We undertook a descriptive, cross-sectional study in an urban health care center located in a suburb of Barcelona, Spain. This suburb has a reasonably heterogeneous population regarding social and economic status, a high rate of patient visits and a total of 35 275 clinical histories (CH). The patients were selected by simple random sampling of the CH files and were included if they were older than 15 years of age and had at least 5 visits recorded in the CH, with at least 3 over the previous 2 years. If the CH failed to fulfil these conditions, then the next consecutive CH was chosen.

Data Collection

Data were collected according to a standardized protocol which included age (in years) and sex as non-modifiable CVRF, as well as various modifiable CVRF and CVD. A pilot study was carried out with 20 cases in order to detect any errors in design, to train the 12 physicians who were to review the CH and to verify the degree of concordance between the survey takers and a reference pattern (consensus review). The data were collected between June 1998 and May 1999. To reduce the proportion of lack of responses we contacted the physicians responsible for those patients whose CH failed to include all CVRF and telephoned the patients whose CH failed to record details about smoking habits (a minimum of three calls at different times of day and at least one call on a Saturday or Sunday).

Modifiable Cardiovascular Risk Factors

1. Smoking. This variable was coded dichotomously as either smoker or nonsmoker/ex-smoker (more than 12 months without smoking) if the smoking habit during the previous 2 years was reflected in the CH.9

2. High blood pressure. Patients were classified as having hypertension, if they took antihypertensive drugs or they had 3 blood pressure recordings ≥140/90 mm Hg at 3 consecutive visits, or as not having hypertension, taking into consideration their blood pressure recordings over the previous four years if they were aged 15-40 years and the previous 2 years if they were aged over 40 years.10 The last blood pressure reading was also recorded.

3. Hypercholesterolemia. This was coded as a dichotomous variable (yes/no) depending on a cut-off point of 250 mg/dL on at least 2 occasions, which were considered valid if they were recorded in the CH during the previous 6 years.10 The last value in the CH was also recorded.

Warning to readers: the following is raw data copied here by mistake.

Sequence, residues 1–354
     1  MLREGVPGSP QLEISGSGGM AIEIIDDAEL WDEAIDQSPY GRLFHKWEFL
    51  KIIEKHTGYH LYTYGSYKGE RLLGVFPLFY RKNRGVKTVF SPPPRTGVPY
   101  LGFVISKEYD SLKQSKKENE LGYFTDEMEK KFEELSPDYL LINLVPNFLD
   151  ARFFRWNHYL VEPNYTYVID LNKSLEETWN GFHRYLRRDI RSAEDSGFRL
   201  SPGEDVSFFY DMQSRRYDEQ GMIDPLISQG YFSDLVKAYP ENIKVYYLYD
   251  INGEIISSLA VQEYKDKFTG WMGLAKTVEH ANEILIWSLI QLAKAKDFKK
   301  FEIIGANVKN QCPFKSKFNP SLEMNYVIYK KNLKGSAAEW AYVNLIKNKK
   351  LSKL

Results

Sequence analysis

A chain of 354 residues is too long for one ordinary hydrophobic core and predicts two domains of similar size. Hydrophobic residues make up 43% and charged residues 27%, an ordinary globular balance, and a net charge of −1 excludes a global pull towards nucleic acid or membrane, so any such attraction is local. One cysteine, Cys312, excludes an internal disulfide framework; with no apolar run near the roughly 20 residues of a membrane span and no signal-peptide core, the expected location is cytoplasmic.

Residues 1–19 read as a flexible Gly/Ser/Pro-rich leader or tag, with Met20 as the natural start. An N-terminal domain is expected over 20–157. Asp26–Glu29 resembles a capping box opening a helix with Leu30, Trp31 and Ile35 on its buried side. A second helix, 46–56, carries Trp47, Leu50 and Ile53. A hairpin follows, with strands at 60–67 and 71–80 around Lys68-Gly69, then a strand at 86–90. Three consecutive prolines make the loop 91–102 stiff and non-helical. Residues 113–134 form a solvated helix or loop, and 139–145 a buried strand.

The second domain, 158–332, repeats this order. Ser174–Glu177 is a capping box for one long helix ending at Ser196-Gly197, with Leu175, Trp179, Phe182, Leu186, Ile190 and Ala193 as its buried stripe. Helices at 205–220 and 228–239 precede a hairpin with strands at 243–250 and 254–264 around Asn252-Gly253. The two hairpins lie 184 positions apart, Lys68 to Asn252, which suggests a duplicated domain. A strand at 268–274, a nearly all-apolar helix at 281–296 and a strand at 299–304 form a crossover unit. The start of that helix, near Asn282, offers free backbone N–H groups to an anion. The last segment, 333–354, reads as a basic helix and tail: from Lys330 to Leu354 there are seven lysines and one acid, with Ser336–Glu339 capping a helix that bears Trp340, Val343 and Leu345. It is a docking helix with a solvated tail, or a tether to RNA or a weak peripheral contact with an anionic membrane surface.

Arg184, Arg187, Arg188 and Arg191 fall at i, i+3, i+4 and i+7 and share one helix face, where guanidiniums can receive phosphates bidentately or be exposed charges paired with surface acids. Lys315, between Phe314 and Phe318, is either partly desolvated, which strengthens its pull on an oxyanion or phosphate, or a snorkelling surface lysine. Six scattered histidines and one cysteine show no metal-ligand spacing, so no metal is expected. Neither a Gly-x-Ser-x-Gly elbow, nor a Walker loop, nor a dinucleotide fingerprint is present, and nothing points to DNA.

4. Hypertriglyceridemia. This was coded according to a cut-off point of 200 mg/dL (2 measurements, considered valid if they were included in the CH over the previous 6 years).10 The last value in the CH was also recorded.

5. Diabetes mellitus. The criteria used were those of the American Diabetes Association and the World Health Organization, adopted11 by the Spanish Society of Family and Community Medicine: characteristic clinical features plus a random blood glucose reading >200 mg/dL, 2 baseline plasma blood glucose readings ≥126 mg/dL or a 2-hour oral glucose tolerance test ≥200 mg/dL. Persons already diagnosed with diabetes or who were receiving treatment with insulin or oral antidiabetic agents were also included. Baseline blood glucose levels were only taken into account for the previous 3 years11 and the last value in the CH was also recorded.

Cardiovascular Diseases

1. Ischemic heart disease: clinical diagnosis, confirmed from the hospital discharge report, of acute myocardial infarction (AMI) obtained by enzyme measurements, or angina diagnosed by a compatible clinical picture plus electrocardiogram, exercise stress test, scintigraphy, or coronary angiography.

2. Cerebrovascular disease: clinical diagnosis, confirmed from the hospital discharge report, of transient ischemic attack (with computerized tomography [CT] or normal magnetic resonance imaging [MRI]) or established stroke confirmed by CT or MRI.

3. Peripheral artery disease: explicit clinical diagnosis in the CH or hospital reports of intermittent claudication, gangrene or ischemic ulcers, or diagnostic arteriography or Doppler ultrasound.

Statistical Analysis

Statistical analysis was done with SPSS. The concordance of the pilot study was studied by kappa statistics (values >0.80 were considered to represent good concordance). The sample size needed to estimate the prevalence of CVRF and CVD was calculated using the GRANMO program,12 with a 2-sided alpha of 5%, a precision of 2% and the maximum possible uncertainty (P=.5). The prevalence of the CVRF and CVD studied was stratified by sex and age into 10-year groups, except above the age of 75 years, which was considered as a single category. For the quantitative variables blood pressure, cholesterol, triglycerides, and baseline glycemia the results were stratified in age groups of 25-74 years and 35-64 years as the mean and standard deviation (SD), to facilitate comparison with other studies. Proportions were compared by χ² test, means by the Student t test for independent data or by the corresponding nonparametric test. An alpha <.05 was used as the level of statistical significance in all cases.